“Watching him twirl the stick around multiple times, I am blown away by his talent,” Ms. Kester said. “Carlos, we’ve seen him do a whole bunch of his tricks here before. We’re very fortunate and happy to host Mr. Carlos in his journey.”

“I’m from Delaware,” said Mr. Mir, noting the support he receives from the Bethany Beach Ocean Suites Hotel. “I am part of their activities for their summer program so I thought it would be a great honor to try to do a Guinness World Record in Delaware, and to also use their facility. It is a beautiful facility. And they are so kind to me.”

While neither of Mr. Mir’s attempts will stand as the Guinness record, Mr. Hampton was nonetheless amazed.

“It was awesome,” said Mr. Hampton. “I loved it.”

Mr. Hampton knows a thing or two about being in the spotlight.

During the 2019 NFL Draft the diehard New York Giants football fan was chosen the lucky winner — two season tickets for the next 100 years, plus other ticket and travel perks — in celebration of the NFL’s 100th season. He was on stage in late April 2019 with NFL Commissioner Roger Goodell, then Tennessee Titan QB Marcus Mariota (now Las Vegas Raiders) and NFL Hall of Famers Joe Green and Tim Brown.

Interestingly, Ms. Petchy, who came to America from England 15 years ago, had a previous role in a Guinness World Record try in Great Britain.

“Actually, I have time-kept before for another Guinness World Record attempt back in England, in Blackpool,” she said. “That one was for acrobatics. They missed by three.”

Mr. Mir is the current Guinness record-holder for the highest diabolo throw — 78 feet, 5 inches — set in July 2015 next to the Holiday Inn in Ocean City, Maryland.

Derived from the Chinese yo-yo, diabolo is a juggling/circus prop consisting of an hourglass shaped axle with two cups that is spun using a string attached to two sticks/batons.

And the helicopter spin? It’s a form of gyroscopic juggling or equilibristics, with manipulation of the devil stick consisting of manipulating one stick between two other sticks — one in each hand. The baton is lifted, struck and/or stroked by the two control sticks, stabilizing the baton through gyroscopic motion.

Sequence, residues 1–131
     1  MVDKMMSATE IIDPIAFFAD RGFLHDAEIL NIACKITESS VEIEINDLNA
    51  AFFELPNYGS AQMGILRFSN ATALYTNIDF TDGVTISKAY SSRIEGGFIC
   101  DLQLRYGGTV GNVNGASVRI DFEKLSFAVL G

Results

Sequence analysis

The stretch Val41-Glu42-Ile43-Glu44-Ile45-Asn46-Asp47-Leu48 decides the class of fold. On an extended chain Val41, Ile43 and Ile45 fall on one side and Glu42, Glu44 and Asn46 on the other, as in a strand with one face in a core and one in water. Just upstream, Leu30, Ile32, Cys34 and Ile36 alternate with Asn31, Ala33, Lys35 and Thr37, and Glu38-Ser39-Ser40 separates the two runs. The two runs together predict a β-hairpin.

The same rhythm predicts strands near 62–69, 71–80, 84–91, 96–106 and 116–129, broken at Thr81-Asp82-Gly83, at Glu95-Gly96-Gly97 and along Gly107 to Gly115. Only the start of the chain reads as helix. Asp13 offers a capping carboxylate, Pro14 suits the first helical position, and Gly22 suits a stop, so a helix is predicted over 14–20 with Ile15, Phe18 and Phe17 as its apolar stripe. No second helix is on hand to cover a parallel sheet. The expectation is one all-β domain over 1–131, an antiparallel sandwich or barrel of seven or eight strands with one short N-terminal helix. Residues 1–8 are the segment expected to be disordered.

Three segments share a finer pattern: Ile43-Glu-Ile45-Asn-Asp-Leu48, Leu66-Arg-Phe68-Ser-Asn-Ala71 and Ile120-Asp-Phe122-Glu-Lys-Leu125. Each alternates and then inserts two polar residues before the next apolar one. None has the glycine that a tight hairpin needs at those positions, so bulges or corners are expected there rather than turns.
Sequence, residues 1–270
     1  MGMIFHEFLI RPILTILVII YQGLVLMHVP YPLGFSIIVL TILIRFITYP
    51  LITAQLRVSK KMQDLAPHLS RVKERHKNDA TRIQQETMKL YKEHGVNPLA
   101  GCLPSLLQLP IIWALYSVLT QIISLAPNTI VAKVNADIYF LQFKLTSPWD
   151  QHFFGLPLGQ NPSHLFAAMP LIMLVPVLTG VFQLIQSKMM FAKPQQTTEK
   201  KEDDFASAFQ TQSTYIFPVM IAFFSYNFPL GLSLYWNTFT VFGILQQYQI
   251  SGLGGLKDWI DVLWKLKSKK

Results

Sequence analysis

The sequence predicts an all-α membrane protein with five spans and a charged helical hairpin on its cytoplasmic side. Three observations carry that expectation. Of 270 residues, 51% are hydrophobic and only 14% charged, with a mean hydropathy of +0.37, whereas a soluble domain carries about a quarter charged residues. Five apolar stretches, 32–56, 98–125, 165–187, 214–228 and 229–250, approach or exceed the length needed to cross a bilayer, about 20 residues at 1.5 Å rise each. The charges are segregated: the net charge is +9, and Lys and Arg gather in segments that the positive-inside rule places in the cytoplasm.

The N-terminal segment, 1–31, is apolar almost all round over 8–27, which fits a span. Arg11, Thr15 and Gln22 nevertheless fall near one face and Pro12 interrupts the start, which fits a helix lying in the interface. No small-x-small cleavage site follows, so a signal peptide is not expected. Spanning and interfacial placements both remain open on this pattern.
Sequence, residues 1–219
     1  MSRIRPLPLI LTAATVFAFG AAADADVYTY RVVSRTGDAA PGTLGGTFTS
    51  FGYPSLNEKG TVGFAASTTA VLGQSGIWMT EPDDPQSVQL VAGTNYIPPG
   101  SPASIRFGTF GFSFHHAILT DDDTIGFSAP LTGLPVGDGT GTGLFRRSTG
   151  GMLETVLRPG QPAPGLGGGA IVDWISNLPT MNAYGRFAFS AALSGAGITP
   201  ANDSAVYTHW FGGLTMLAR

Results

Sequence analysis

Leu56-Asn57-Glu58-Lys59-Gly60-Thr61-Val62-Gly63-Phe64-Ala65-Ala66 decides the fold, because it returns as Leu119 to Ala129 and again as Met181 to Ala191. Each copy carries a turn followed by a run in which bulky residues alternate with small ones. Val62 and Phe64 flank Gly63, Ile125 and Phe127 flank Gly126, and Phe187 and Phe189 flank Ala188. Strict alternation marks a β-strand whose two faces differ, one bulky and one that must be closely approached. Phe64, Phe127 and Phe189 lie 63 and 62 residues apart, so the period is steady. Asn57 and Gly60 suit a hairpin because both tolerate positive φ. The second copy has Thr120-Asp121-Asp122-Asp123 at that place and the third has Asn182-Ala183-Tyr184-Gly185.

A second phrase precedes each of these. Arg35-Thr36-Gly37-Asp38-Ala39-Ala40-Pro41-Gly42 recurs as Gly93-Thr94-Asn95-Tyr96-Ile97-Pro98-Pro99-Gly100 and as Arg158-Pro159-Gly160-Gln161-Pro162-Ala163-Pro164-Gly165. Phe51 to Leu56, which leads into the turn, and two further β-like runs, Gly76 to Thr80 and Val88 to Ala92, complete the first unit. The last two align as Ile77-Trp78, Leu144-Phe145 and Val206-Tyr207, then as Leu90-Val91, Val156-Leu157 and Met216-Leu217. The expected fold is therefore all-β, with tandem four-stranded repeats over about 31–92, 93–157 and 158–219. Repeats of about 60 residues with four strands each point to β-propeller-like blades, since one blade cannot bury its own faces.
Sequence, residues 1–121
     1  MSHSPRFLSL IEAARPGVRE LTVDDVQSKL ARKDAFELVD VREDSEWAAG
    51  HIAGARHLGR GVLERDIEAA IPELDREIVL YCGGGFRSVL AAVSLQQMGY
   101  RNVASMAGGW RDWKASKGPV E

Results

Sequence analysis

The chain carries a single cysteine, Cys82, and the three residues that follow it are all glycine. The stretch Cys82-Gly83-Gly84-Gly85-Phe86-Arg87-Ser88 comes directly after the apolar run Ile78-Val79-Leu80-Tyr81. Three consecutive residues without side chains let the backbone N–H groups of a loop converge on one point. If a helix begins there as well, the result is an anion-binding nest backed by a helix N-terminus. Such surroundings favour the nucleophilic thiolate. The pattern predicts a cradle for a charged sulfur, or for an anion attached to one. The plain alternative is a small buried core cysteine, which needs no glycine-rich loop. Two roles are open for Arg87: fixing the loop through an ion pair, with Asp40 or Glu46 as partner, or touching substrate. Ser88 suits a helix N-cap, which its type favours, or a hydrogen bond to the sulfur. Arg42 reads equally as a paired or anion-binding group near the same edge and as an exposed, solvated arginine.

It’s “Ready, Set, Go” in juggler Carlos Mir’s Guinness World Record attempt for the devilstick/helicopter spins. Eyewitnesses and timers are, front to back, Gregory Hampton, Deven Kester, Heather Mir and Lorna Petchy. Mr. Mir had an “unofficial” best of 93 spins in one minute, which later Saturday proved to be short of the posted world record of 106 by a man from Japan.

Juggling and performing has been Mr. Mir’s fulltime job for the last four years. Overall he has been juggling for about 25 years.

“When I got the (diabolo) Guinness World Record it opened up the doors to see that I could make a living,” Mr. Mir said. “Now, the coronavirus … that changed everything this year. But hopefully things will change by next year. Obviously I wear a mask. I clean all my equipment now so I can fit with the new norm.”

His assault on Guinness World Records is not finished.

“I have another application no one else has done. I am going to throw the devil stick the highest in the world. I am going to do that next May,” Mr. Mir said.

Wife Heather Mir has been Cascading Carlos’ longtime supporter.

“It is very exciting. He continues to impress me every day. I can’t do any of these things,” she said. “I actually encouraged him.”

However, there are some do’s and don’ts at their home in Delmar, like no juggling eggs.

“There are some household rules. He used to juggle plates for fun … and they break. Usually, like if I hear one loud crash, I’m like, ‘OK, you’re done for the day. Out in the yard.’ It’s like telling the kids, ‘Go out and play,’” said Ms. Mir.

One year for Valentine’s Day she gave her husband a gift that included juggling knives. “Nothing says ‘I Love You’ like, ‘Juggle these knives, Hun!’” said Ms. Mir.